Meanwhile, the UK's neighbours in Europe are attempting to curb the COVID-19 winter spike through various means, from national lockdowns, to limiting access to certain services and pushing for an increase in vaccination rates.

Around 60 per cent of people in Western Europe are fully immunised against COVID-19, but only about half as many are vaccinated in Eastern Europe.

Now, all eyes will firmly be on the new potentially highly infectious variant detected in South Africa, which remains under investigation in the UK and Europe.

Meanwhile, The European Union said on Friday that it will ease its restrictions on exporting COVID-19 vaccines.

The Commission, the EU's executive arm, said that as of January it will no longer require vaccine producers to request special authorisation to export outside the 27-nation bloc.

Earlier this year when vaccines were still in short supply, the EU introduced a mechanism to keep some of the jabs it secured from AstraZeneca, the Anglo-Swedish drug company, from being diverted elsewhere.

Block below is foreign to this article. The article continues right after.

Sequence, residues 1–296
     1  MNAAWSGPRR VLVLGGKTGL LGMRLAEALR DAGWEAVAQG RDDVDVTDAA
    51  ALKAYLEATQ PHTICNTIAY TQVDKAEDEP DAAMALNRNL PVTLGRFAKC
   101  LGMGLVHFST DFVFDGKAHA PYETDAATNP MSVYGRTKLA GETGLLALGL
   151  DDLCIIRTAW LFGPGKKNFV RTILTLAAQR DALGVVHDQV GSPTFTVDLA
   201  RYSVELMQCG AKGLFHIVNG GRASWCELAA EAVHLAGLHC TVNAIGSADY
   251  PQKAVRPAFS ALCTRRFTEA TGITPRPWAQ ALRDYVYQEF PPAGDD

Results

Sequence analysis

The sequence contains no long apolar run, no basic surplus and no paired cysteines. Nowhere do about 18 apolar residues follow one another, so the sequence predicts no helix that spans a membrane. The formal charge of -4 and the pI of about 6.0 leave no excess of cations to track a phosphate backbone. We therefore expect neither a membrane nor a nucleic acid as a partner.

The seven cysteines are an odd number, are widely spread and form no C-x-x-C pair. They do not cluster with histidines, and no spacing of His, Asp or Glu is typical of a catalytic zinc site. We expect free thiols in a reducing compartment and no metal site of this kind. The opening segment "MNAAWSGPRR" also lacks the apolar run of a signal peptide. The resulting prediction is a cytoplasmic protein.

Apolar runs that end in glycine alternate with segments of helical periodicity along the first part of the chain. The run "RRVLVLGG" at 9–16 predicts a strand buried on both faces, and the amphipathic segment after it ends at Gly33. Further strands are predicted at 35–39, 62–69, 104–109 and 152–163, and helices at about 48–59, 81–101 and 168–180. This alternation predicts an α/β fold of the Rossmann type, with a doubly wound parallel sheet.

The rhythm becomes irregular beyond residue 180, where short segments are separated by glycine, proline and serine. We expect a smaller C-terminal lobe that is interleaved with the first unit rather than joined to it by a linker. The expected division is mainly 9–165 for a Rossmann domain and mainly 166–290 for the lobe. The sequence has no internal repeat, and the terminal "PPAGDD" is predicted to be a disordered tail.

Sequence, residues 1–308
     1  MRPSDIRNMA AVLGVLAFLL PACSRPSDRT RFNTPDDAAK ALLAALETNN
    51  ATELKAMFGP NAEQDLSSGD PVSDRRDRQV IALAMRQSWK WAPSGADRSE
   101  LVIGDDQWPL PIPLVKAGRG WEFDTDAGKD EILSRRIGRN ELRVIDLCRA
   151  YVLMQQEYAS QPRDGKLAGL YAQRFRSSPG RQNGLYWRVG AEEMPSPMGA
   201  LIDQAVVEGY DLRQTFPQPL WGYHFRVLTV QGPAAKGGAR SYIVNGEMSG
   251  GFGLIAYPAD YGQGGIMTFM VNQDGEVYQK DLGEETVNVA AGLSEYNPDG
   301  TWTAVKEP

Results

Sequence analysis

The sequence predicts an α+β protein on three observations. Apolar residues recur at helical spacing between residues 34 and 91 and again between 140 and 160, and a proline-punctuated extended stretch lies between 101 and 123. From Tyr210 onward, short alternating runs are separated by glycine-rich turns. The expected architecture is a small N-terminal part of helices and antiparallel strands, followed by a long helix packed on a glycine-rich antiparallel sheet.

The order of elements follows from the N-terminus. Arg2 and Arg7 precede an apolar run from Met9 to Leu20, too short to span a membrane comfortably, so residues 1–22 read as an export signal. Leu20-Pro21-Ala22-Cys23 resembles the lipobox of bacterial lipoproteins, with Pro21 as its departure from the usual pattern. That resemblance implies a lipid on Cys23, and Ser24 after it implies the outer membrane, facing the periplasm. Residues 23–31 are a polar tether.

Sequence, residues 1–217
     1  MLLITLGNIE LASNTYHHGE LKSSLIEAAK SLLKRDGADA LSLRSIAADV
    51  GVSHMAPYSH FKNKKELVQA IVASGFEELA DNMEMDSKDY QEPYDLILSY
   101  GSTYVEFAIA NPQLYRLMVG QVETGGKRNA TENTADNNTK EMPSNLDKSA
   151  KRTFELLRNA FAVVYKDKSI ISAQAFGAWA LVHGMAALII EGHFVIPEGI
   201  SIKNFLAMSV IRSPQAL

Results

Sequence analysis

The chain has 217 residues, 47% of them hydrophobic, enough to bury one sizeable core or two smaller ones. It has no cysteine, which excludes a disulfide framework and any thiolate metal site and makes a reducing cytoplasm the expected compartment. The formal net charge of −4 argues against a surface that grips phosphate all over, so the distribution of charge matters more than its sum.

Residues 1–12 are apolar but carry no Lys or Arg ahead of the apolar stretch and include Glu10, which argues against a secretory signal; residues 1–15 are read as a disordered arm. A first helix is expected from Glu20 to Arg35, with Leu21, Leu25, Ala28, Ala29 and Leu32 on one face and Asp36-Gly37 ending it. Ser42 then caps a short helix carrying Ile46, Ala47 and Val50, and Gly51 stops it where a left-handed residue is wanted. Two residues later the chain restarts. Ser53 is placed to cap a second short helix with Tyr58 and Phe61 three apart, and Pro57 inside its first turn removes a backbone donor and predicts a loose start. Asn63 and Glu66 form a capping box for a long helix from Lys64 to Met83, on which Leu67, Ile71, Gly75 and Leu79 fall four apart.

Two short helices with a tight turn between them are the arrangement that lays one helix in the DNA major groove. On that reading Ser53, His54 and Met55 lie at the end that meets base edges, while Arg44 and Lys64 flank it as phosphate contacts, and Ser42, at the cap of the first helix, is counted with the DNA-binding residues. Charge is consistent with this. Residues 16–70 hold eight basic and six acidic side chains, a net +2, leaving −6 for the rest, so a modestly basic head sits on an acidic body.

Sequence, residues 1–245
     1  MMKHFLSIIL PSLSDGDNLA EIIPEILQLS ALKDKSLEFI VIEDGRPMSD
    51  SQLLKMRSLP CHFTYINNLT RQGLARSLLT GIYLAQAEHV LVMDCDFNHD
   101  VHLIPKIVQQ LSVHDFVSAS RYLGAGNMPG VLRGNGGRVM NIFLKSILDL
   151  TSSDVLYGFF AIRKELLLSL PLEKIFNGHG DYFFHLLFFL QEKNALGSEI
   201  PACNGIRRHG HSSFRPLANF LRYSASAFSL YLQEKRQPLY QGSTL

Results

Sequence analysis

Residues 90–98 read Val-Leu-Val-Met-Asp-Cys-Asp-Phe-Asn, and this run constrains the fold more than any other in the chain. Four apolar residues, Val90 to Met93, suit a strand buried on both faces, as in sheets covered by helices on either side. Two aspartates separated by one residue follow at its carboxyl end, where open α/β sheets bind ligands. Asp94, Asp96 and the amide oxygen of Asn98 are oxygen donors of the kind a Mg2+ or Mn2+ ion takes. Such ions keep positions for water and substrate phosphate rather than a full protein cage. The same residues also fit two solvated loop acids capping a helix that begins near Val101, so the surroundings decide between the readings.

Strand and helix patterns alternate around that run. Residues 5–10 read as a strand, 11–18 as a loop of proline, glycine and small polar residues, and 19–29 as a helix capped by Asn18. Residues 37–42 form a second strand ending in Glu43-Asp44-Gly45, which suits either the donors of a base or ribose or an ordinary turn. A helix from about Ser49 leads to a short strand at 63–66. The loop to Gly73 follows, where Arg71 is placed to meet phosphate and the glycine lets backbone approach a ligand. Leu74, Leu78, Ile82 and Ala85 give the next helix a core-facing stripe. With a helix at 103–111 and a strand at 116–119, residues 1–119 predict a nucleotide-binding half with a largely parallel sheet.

The export control system, aimed at making sure large drug companies would respect their contracts, was used by the EU in March, when a shipment of more than a quarter million AstraZeneca vaccines destined for Australia was blocked from leaving.

When the dispute with AstraZeneca broke, the EU was lagging well behind the United States and other countries in COVID-19 vaccinations.

According to Stella Kyriakides, the Commissioner for Health, the bloc has now vaccinated over 65% of the total EU population of some 450 million inhabitants.

The EU and AstraZeneca said in September that they reached a deal to end their legal battle over the slow pace of deliveries of the company's COVID-19 vaccines.

EU commission spokeswoman Dana Spinant said the "transparency of exports" will be ensured by a new monitoring mechanism that will provide the commission with companies' vaccine export data.

Spinant noted that the EU is the biggest global provider of COVID-19 vaccines, with over 1.3 billion doses exported to more than 150 countries.

Amid a new significant uptick in infections in the EU, European Commission President Ursula von der Leyen said vaccinations need to be stepped up further.

"We need to convince more people to get vaccinated," she said.